Dear Gabby Week of September 23

Dear Gabby,

I recently just got out from a three and a half year relationship during the beginning of summer, and things ended pretty badly. I have not talked to her since and I’m really curious on how she’s doing. I’ve been debating to call her or not, but sometimes my pride takes control of me, or maybe its just me telling myself that I’m just going to get hurt if I do.

Sincerely, What to do
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Ohio Constitution modernization

On Wednesday, September 17, Richard Saphire, retired Law professor, talked about Constitution Day,
and the impact of the Ohio Constitutional Modernization Commission.

Saphire started the event with a brief trivia session on the United States Constitution, as well as the Ohio Constitution.

“I want to talk about the relationship between federal and state constitution,” Saphire said. “And modernizing the Ohio Constitution.”

Constitution Day commemorates the signing of the U.S. Constitution. In 1787, the U.S. Constitution was drafted. Since then, it has been amended 17 times, not including the Bill of Rights, within a span of 200 years. Saphire engaged with his audience by asking what the purpose is for the Constitution.

“What is the function of the Constitution?” Saphire said.

“A way to unify all the state governments,” an audience member said.

Saphire responded back saying it’s a way to provide a document of unification. He also wanted to know the reason why we have state constitutions.
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Sinclair’s Lady Tartans vs. UC Bearcats

The Sinclair Tartans women’s volleyball team will be taking on the number one ranked University of Cincinnati’s lady Bearcats here at Sinclair on Friday and have been practicing hard for the match.

“The players believe that they are a team and they also trust my coaching, unfortunately they have not performed 100 to 110 percent. I would say they played about 75 percent of their capability for the last weekend’s four matches,” said Coach Gan.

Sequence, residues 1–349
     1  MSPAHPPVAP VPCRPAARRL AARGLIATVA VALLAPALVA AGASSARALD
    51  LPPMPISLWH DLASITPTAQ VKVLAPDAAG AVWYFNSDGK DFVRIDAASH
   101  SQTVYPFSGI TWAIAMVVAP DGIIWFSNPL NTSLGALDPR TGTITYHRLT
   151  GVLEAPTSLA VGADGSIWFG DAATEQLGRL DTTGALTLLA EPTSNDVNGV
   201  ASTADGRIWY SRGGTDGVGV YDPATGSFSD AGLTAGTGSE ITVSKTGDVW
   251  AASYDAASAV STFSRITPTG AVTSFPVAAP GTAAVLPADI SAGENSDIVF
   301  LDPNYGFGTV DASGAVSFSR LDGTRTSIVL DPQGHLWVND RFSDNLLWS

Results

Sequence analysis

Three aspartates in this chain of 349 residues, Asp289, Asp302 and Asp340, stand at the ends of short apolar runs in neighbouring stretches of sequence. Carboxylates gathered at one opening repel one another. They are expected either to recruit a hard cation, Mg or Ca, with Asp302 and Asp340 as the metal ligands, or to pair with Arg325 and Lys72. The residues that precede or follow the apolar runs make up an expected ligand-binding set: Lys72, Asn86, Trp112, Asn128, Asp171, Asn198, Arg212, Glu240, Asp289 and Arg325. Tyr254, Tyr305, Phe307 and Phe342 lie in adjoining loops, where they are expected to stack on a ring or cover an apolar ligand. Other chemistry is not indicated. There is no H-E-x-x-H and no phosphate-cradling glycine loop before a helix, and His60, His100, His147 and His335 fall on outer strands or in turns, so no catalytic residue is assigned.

“We are looking forward as a team to play above that next week.”

The Tartans have been practicing this week after their match against Columbus State.

“ We need to do much better on our kill percentage and close up the block. From the result of last weekend’s four matches, we improved about 12 to 15 percent in our kill percentage from less than 10 percent to 20 to 23 percent. This is big for the team,” said Coach Gan.
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Early Childhood Education Center at Sinclair

January 2015 will marks 41 years that the Early Childhood Education Center has been a part of Sinclair Community College.

Sinclair established the ECEC to meet the childcare needs of students, parents, faculty and staff.

SCC supports students from all demographics wanting a higher education for various reasons. One particular demographic that stands out are students who are also parents because there is the challenge of taking classes and working while trying to raise children.